Operations Profile - BodyShop Business

Operations Profile

That was then …

In the year 1906, Baltimore County Commissioners
came up with a sure-fire way to stop speeders: They gave police
officer Noah Walker permission to shoot at cars when drivers violated
the speed limit.

"Slow down, or I’ll shoot!"

When Walker fired at Yates Pennington’s car,
Pennington filed charges against him – but the commissioners didn’t
see the problem. They cleared Walker of all charges and told him
to keep up the good work.

While shooting at speeders seemed like a good
idea for a while, authorities later decided police officers should
stop firing and start writing – tickets, that is. Someone, somewhere
probably reasoned: Why should Baltimore body shops profit from
repairing all those nicked-up vehicles when the city could profit
from ticket fines instead.

This is now …

These days, while our city police officers
and state troopers are busy writing tickets, shops, too, are busy
writing – estimates.

And write estimates shops did in 1996. On
average, our survey respondents wrote 21 estimates per week (up
from last year’s 18.9), and they closed the deal more often in
’96, too; on average, respondents converted 61.9 percent of estimates
into actual jobs (up from last year’s 57.3 percent) – a bit of
an accomplishment considering that consumers are harder to please
and more mistrusting than ever.

In a recent survey conducted by NAPA, consumers
rated technicians almost equally with lawyers and only slightly
higher than politicians regarding trust. Consumers also consider
car repair a major hassle – in fact, those surveyed said taking
their cars to the shop is a bigger hassle than filing their taxes.

For reasons such as this, shop owners tried
in 1996 – and are still trying – to make the repair process more
understandable and less daunting. One way of doing this: Shop
owners are taking more time with their estimates and final bills
so customers understand how they’re being charged (hours, dollars
or units), what repairs are being made and how much the repairs
will cost. Many shop owners also have customers authorize the
repairs by initialing the work order. This process eliminates
confusion as to how the final bill was determined, helps avoid
the perception of fraud and also helps foster trust.

This added effort seems to be paying off.
On average, shops performed 16.7 jobs per week in 1996, up substantially
from last year’s 11.9 (only 11.8 percent of our respondents experienced
a decrease in the average number of jobs performed weekly). The
average ticket price continues to rise as well: On average, it
was $1,551.27 in 1996, a 16.2 percent increase of last year’s
average of $1,335.34. (It should be noted that this increase doesn’t
necessarily translate into more profit for owners because, each
year, the cost of replacement parts, components and materials
also increases.)

Before overhead expenses, the average gross
profit margin on parts and labor increased, too – up to 26.5 percent
on parts from last year’s 24.9 percent and up to 51.3 percent
on labor from last year’s 42.9 percent. The average gross profit
margin was 33.7 percent in 1996, while the average net profit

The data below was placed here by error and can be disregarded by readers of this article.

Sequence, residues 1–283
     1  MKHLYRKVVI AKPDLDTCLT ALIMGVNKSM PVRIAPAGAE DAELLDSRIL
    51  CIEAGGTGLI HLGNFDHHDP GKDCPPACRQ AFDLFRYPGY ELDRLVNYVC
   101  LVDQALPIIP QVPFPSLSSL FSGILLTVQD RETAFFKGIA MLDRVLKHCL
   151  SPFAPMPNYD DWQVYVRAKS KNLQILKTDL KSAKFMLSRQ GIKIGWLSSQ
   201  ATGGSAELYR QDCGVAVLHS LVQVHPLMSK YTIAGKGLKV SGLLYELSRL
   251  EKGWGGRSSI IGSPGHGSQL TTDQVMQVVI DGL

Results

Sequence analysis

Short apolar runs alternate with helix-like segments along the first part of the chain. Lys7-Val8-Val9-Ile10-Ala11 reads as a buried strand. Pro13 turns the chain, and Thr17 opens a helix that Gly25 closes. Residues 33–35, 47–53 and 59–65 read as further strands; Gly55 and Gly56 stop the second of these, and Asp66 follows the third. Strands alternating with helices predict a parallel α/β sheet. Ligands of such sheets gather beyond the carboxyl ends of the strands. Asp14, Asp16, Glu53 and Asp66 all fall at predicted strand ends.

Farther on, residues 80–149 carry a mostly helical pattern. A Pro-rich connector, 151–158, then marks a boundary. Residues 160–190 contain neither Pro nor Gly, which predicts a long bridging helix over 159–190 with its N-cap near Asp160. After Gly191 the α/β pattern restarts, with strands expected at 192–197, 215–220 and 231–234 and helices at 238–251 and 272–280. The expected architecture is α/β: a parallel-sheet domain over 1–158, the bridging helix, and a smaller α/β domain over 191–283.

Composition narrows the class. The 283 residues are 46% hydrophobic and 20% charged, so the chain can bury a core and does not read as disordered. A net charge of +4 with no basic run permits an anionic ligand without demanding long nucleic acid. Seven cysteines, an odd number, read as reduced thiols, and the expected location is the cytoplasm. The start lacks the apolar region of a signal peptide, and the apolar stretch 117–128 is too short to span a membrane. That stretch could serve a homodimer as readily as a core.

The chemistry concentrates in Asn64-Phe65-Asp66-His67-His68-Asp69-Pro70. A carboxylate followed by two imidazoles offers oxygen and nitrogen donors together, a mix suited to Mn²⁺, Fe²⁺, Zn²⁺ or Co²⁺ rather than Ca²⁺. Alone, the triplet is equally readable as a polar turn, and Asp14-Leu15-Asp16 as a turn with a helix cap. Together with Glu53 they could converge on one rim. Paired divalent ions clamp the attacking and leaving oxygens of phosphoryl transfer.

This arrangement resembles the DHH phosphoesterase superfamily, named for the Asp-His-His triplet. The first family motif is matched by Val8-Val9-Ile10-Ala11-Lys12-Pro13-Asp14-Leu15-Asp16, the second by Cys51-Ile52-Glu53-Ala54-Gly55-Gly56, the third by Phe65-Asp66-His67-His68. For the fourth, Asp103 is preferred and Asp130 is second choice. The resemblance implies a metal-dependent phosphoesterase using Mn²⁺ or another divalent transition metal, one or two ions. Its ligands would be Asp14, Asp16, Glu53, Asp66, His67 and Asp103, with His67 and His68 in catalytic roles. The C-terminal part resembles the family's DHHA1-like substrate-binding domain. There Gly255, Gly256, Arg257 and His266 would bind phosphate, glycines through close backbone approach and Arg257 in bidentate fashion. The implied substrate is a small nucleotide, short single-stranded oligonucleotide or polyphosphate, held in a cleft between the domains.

margin was 15.6 percent.

When performing repairs, about 43.5 percent
of labor hours is spent on body work, 31.5 percent on painting,
15.3 percent on measuring and straightening, and 9.7 percent on
mechanical repairs. To make repairs, respondents replace with
new parts 49.7 percent of the time, repair damaged parts 24.9
percent of the time, replace with used (salvage) parts 13.4 percent
of the time and repair with aftermarket parts 12 percent of the
time.

Respondents who prefer used parts to aftermarket
parts cited these reasons:

  • better fit;
  • quality;
  • durability;
  • accessibility;
  • no choice – "I don’t like used parts," said one
    shop owner, "but I’m forced by insurance companies [to use
    them]."

Respondents who prefer aftermarket parts to used parts cited these
reasons:

  • easier and faster to obtain;
  • less damage, less rust, less preparation time;
  • price;
  • misrepresentation by salvage yards about the condition of
    used parts;

  • better fit – "quality and fit are getting much better,"
    said one respondent.

Shops had more jobs in 1996, and they also had a bit more room
in which to perform them. On average, respondents had 13.4 bays
(up from last year’s 12.2) and 5,431 square feet of production
space (which doesn’t include office, showroom, parking lot, etc.)

When asked if they increased their production areas in the past
year, 83.3 percent of respondents had not, while 16.7 had. Breaking
that down by sales volume, 94.4 percent of respondents in the
up-to-$124,999-a-year category

didn’t increase production space – the most of any group – while
29.6 percent of respondents in the $125,000-$249,000-a-year category
did increase production areas – the most of any group.

Besides production-area increases in 1996, many shop owners mentioned
that stress levels also increased in 1996. It’s hard to find qualified
personnel; it’s hard to deal with insurance companies; it’s hard
to please customers … Another major stress causer: being sucked
into the insurance-company negotiation process. While shops have
a duty to provide consumers advice concerning the repair options
available under their insurance policies, there’s a big difference
– as many shop owners pointed out – between offering an expert
opinion on repairs and negotiating on behalf of insurers or consumers.

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